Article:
In the recent market situation when the Sensex was down by approximately 30-35% in a month’s time during the Feb –March 2020, many of us felt uncomfortable looking at the negative returns. The Sensex fell from around 40,000 marks to a steep low level of around 26000. Now the market has already recovered partially and is at a level of 33,000. But this entire situation of volatility in the equity markets has given you an opportunity to think about your own risk profiling. Are you behaving in the same manner as you must have conveyed to your financial planner when he/she may have discussed your risk profile?
Try to recollect and think about it for a while.
Before digging in deep into this, let’s start from the basics.
What is risk?
When we invest in the market, there is a possibility to get returns as per our expectation or below our expectation. This means we can either gain from this investment or lose some or all of the original investment. This outcome is not guaranteed beforehand and depends on various fundamental and technical aspects. This uncertainty of not knowing the result beforehand is called Risk.
However, risk is not always bad and there is no need to avoid it completely. A basic idea in personal finance is the relationship between risk and return. The greater the amount of risk an investor is willing to take, the greater the potential return. So in order to grow your wealth, some risk needs to be taken.
For e.g. The safest investment considered is government bonds when compared to riskier assets such as equity. Simple Funda – Low risk – Low return, High Risk – High return
Now let us discuss it in more detail:-
There are typically three types of risk profile on a broader level. These are:
Before advising anything to you on your financial investment decisions, an informed financial planner will always first try to understand your risk profile. The planner would want to know what is your risk profile out of the above three to provide you with suitable recommendations.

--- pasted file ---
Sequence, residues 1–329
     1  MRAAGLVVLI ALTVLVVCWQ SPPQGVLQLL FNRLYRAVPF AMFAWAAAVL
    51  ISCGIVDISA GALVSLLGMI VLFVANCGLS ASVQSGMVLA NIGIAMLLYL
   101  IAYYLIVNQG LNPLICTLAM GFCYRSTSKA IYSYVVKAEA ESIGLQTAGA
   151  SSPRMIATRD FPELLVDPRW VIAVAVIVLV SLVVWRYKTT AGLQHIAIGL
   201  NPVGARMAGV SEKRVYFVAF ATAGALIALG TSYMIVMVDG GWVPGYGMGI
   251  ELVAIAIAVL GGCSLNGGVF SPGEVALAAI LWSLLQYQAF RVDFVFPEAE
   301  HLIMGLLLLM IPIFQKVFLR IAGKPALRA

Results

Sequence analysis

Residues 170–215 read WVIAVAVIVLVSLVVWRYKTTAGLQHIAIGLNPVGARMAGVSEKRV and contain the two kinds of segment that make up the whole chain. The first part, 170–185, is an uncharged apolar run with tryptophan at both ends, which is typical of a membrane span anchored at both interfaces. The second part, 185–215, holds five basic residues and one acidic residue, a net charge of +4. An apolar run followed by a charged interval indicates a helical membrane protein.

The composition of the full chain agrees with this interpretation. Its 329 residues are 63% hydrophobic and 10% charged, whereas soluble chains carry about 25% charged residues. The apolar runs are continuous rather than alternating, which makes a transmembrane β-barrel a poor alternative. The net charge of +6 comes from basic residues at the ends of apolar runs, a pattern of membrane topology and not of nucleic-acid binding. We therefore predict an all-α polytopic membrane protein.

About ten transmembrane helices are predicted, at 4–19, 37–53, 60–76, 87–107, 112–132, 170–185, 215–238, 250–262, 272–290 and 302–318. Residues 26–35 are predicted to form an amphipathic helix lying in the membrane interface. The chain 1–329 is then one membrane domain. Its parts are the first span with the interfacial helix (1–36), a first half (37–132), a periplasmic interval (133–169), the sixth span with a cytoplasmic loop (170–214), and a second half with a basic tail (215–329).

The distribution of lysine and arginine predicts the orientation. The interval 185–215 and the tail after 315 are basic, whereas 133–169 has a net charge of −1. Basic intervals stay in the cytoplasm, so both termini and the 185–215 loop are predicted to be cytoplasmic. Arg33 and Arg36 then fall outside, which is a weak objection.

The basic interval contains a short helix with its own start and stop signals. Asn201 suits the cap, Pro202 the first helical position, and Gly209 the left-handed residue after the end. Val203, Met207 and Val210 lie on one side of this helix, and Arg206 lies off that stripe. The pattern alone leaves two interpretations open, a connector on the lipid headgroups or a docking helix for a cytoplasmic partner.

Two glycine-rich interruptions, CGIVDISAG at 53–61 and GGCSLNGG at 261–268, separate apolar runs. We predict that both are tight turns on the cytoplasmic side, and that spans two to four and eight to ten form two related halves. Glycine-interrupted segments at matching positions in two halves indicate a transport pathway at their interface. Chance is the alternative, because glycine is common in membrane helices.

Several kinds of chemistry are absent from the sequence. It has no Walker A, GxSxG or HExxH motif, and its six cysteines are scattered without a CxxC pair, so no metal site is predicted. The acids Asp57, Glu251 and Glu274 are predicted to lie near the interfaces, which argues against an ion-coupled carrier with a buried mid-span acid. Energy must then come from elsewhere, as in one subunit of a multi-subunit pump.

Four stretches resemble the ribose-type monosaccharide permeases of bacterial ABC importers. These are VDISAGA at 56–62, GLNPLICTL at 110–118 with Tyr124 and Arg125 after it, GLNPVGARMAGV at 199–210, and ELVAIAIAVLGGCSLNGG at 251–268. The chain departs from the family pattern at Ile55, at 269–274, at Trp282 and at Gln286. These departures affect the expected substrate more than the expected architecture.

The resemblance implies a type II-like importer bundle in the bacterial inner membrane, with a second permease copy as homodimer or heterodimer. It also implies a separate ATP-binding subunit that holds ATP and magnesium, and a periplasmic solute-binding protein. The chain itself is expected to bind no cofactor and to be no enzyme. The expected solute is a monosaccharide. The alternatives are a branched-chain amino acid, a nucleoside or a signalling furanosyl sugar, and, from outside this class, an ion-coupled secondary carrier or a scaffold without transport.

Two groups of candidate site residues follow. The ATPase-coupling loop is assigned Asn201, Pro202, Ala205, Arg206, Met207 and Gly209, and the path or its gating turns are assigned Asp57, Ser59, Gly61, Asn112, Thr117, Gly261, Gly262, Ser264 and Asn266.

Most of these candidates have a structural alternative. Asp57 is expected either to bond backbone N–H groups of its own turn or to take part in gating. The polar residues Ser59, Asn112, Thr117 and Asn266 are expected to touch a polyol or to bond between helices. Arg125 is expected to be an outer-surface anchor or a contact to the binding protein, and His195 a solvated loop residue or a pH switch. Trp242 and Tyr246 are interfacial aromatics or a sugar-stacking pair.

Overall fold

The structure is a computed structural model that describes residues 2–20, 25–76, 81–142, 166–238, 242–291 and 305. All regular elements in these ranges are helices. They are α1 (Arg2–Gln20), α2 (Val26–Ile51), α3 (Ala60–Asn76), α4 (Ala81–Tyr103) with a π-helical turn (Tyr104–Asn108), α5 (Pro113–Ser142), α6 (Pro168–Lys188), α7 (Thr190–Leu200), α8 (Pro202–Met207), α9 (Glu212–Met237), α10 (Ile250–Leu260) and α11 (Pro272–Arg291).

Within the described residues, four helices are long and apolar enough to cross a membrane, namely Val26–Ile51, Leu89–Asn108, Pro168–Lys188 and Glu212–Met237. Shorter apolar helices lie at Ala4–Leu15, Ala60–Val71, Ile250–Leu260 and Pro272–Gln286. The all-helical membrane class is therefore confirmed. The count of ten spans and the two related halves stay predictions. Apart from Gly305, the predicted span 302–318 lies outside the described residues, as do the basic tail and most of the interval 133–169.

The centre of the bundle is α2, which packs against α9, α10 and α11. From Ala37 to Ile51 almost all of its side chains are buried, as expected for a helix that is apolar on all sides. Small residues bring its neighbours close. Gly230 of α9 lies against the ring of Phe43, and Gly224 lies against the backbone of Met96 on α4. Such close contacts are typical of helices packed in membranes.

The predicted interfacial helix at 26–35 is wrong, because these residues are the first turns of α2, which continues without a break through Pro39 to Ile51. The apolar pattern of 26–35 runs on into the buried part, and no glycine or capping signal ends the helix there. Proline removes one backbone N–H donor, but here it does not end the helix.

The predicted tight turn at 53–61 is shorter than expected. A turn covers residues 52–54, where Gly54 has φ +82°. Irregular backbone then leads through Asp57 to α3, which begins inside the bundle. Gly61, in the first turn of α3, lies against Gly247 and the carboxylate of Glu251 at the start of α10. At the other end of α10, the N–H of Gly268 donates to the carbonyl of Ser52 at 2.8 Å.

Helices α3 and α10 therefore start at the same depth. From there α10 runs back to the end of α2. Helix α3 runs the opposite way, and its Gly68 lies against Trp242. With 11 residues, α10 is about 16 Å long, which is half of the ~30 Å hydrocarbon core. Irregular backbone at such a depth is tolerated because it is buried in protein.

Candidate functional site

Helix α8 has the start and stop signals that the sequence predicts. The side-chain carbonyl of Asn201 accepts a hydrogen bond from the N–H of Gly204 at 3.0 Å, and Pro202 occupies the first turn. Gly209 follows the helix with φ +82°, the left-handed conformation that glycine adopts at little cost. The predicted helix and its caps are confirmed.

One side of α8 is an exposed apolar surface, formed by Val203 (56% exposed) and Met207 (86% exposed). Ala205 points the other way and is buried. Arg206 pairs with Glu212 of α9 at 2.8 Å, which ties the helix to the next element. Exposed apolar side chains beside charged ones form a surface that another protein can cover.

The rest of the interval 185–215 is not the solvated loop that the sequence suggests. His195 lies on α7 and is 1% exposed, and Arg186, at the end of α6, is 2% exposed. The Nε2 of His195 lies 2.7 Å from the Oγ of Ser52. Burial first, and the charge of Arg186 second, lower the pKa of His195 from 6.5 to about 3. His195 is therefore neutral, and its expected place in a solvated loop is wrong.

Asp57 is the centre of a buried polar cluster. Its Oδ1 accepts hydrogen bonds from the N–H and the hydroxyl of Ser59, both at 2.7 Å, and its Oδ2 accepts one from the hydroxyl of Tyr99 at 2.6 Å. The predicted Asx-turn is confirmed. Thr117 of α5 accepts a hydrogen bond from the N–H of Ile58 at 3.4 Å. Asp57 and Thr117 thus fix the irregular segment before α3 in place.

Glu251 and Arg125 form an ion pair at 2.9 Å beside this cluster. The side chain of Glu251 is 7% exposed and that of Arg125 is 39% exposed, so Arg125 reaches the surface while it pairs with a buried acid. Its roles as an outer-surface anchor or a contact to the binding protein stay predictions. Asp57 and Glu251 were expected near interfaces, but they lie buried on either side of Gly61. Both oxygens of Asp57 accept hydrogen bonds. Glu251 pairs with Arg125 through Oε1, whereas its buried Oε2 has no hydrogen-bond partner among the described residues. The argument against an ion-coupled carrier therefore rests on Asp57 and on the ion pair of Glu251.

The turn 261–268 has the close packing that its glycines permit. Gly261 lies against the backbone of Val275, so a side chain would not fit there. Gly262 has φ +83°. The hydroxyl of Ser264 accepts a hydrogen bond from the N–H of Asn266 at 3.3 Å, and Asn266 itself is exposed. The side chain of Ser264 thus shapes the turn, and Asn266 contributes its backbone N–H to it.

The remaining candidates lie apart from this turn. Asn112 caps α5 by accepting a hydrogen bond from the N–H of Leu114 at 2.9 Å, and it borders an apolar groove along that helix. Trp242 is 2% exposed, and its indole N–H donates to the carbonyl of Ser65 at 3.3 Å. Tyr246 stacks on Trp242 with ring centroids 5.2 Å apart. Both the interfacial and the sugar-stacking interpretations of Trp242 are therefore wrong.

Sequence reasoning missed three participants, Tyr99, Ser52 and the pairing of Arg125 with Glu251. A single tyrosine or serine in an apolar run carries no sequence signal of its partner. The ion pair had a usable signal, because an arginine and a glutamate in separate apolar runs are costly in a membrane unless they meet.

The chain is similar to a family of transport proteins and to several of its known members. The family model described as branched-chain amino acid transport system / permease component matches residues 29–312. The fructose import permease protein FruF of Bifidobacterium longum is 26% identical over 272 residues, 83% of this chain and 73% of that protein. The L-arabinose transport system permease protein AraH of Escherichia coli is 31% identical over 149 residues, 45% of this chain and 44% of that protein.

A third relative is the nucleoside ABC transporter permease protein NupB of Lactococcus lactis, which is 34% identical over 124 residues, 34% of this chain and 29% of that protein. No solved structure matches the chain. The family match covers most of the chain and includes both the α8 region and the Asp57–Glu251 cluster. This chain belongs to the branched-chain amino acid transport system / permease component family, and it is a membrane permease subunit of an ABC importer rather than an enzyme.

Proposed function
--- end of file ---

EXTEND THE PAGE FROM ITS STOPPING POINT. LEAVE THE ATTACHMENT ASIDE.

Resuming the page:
How is your risk profile ascertained?
Like I mentioned before, your financial planner must have discussed your risk profile before making any recommendations. This is usually done based on the following parameters: –
1. Age Factor – If a person is very young, he can take more risk compared to a person near his retirement. Therefore, we can say that your risk-taking capacity reduces as you age.
2. Income Level – People with high incomes can afford to take more risk compared to low-income groups.
3. No. of dependants – If you have more number of dependents, then you should ideally be not making riskier investments.
4. Nature of Past investments – This helps to understand the mentality of a person in dealing with risk. If a person has invested a major part of his portfolio in equities, it gives an idea that this person is aggressive. On the other hand, if a person has only invested into fixed deposits and traditional life insurance policies, then we can clearly say that the person is conservative.
5. Some behavioural questions – Most of the financial advisors provide you with a well-thought questionnaire to check how you will react in some of the different market situations. This gives your financial advisor an idea about your relationship with risk.
Based on the above your risk profile is ascertained. If in 5th point you would have mentioned that you will not sell your investments even if you see a loss or negative returns but you have done it now in the current market situation. It means you need to redo this activity of finding out your true risk profile.
Risk profiling is a process that professional financial planners use to determine the optimum level of investment risk for investors. Risk profiling helps to identify a client’s level of required risk; their risk capacity and; their tolerance towards risk.
All these 3 concepts might look the same but they are not. Let’s see how –
This means the level of risk required to be taken on investments to achieve the desired level of investment return. So if you are not ready to take that much risk in that case it will be difficult to achieve your goals. This is because by taking additional risk, you open the chances of getting higher returns in the long run.
This refers to the level of investment risk or losses that a client could afford to take to achieve their goals. This is usually ascertained by their age, income or tenure of the goal.
This is the level of risk a client is comfortable taking to achieve their goals. . It is a psychological measure. It refers to how emotionally comfortable a person is with taking risks.
There is often a mismatch between risk required, capacity and tolerance. It is therefore important to understand the thin line between all three.
An individual’s risk profile will affect the overall decision-making strategy and process. A risk profile is important for determining proper asset allocation in regards to an investment portfolio. By assessing how comfortable you are with investment ups and downs, you can make sure you don’t panic later when a risk is realised. It is therefore very crucial to invest as per your risk profile.